The received wisdom of the post-cold war era has been that democratic government, as exercised in the west, should be exported to other countries as a means of liberating the peoples of states oppressed through ideological subordination or through the actions of dictators or ruling elites.
Hope swelled with the emergence of the Arab Spring in the Middle East and a transition in Egypt to free and democratic elections. Today, Egypt is on the verge of civil war and under a state of emergency. What has gone wrong and what are the implications?
Democracy in the west, developed over many hundreds of years, is not only a matter of one person and one vote represented through an assembly.
Sustainable functioning democracy is underpinned by institutions; the rule of law, an independent judiciary, respect for human and property rights, freedom of speech, peaceful protest, and crucially through a functioning and free opposition. Democracy is fragile and complex, and its durability has been built over many centuries.
It is rare, if not impossible, to reconcile in the infinite variety of human kind a view of the world seen through a single lens. Most governments are not elected by a majority of the people, but by a majority of those who voted, often a relatively small proportion of the total population.
If a government in these circumstances simply ignores the view of its opposition or the wider population it will rapidly lose the consent of the people to govern, as appears to be the case in Egypt.
The transition to a sustainable democracy in Egypt is hampered by a lack of institutions that provide a degree of accountability and a counterbalance to ruling political parties. It will take many years if not decades to build this institutional capacity. Meanwhile the transition will continue to be painful and punctuated by periods of instability.
Add into this mix the desire of some to ensure that religion is the sole or primary source of law, authority and power, and the opposing desire of others for secular rule, and you have a recipe for continuing conflict.
But what is the relevance of these events to Jersey and its finance industry?
Of course any peaceful parliamentary democracy will have a desire to see democracy take root and the human tragedy in Egypt is of great concern to all right thinking people. However, given the nature of this blog, I will restrict comment to how this situation might play out so far as its potential impact on the world economy, and therefore Jersey is concerned.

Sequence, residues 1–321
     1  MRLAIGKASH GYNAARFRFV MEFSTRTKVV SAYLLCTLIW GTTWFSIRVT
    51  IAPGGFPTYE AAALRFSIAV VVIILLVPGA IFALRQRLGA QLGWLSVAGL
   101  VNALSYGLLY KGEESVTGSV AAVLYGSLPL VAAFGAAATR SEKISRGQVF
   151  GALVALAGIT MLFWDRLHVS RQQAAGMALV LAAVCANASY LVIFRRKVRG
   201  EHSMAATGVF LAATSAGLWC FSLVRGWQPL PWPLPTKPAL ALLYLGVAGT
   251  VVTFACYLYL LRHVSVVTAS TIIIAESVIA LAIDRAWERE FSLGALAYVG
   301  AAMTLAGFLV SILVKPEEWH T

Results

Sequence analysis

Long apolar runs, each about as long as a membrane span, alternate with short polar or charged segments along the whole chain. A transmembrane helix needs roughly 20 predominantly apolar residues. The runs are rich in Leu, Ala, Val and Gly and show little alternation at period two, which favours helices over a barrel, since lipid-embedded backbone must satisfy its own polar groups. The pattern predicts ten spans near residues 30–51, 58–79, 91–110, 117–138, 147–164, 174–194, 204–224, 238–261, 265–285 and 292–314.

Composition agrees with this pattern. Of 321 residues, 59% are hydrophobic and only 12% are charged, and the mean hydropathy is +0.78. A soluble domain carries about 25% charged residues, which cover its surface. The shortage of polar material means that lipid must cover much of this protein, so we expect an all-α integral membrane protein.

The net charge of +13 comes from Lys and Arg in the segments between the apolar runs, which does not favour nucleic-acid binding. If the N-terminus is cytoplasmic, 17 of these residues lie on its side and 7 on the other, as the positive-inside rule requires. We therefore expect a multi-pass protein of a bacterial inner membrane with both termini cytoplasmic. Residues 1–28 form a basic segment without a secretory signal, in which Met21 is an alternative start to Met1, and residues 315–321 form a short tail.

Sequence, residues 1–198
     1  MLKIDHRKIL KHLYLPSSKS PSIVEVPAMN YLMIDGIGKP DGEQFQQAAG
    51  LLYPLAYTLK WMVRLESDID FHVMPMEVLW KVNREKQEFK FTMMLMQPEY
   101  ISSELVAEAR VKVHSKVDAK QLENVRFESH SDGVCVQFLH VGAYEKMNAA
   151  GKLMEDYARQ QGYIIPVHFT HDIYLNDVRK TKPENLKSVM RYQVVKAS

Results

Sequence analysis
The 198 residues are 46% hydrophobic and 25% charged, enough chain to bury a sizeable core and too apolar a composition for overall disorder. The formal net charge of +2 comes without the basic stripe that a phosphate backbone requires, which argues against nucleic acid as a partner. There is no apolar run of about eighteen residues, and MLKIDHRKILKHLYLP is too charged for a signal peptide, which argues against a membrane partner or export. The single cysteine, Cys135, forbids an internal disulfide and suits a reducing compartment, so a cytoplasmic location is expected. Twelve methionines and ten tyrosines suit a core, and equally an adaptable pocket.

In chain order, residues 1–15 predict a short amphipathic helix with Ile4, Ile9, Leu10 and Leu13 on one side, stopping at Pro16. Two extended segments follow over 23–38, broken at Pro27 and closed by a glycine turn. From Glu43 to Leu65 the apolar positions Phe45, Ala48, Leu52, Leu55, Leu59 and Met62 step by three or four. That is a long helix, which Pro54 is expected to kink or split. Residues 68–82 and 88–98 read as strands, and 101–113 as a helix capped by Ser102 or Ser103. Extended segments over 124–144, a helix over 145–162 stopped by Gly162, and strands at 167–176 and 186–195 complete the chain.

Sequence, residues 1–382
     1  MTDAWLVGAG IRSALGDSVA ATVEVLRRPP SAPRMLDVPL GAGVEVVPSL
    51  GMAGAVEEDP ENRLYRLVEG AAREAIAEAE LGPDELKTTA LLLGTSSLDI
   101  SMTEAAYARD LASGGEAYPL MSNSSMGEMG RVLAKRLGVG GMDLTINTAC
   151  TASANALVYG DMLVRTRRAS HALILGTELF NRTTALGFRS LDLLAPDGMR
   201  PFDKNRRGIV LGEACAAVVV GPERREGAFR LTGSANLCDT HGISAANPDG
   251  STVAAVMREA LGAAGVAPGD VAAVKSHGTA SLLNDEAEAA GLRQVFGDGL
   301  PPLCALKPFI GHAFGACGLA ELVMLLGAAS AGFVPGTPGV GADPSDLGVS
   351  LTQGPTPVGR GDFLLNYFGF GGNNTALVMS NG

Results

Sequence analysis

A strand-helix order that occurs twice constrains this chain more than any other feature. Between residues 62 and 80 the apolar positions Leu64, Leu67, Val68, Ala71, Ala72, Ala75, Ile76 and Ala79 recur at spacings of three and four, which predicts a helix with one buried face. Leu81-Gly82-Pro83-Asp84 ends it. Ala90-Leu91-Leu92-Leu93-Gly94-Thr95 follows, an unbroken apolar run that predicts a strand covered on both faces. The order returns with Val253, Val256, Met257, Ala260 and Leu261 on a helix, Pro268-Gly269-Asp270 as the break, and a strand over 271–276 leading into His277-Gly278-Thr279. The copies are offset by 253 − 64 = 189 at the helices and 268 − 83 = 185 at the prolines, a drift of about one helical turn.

A lack of stability has held back the world economy since the financial crisis of 2007. We have had five years now of low or slow growth, and this has impacted on all countries including Jersey.
Instability in Egypt has the potential to spread through the region as different factions align behind the opposing sides. Egypt’s commitment to its peace accord with Israel and the functioning of the Suez Canal are both significant issues.
Suez has been the source of major historical conflict and given the Sumed gas and oil pipeline and the Suez Canal together avoid an extra 2,700 mile sea journey for energy supplies coming to Europe and the US, it is easy to see how it could be a lightning rod for trouble again. Markets are spooked with oil climbing to a four month high last week at just over $110 per barrel.
But whilst the situation in Egypt is extreme this is not the only example we have seen of an undermining of the institutions underpinning democracy. Whenever action is targeted at minorities and the rule of law is set aside to pander to populist wishes, we should worry.
The actions of politicians in Europe against those with wealth have on occasion ignored the law and resorted to public vilification in order to bend public opinion. This has been used to justify collecting more cash from firms who have already discharged their legal tax obligations in order to prop up troubled exchequers, resulting in multi nationals volunteering additional tax payments not required by the law. Without the rule of law we have only opinion to guide actions, and opinion as we have seen in Egypt can be uncertain, troubled and volatile, bearing in mind that both Egyptian factions will have seen their actions in this conflict as moral.
It appears a fragile global recovery is underway, it would be both a tragedy and an irony if the recovery were undermined by the transition to democracy in the Middle East and its unpicking in Europe.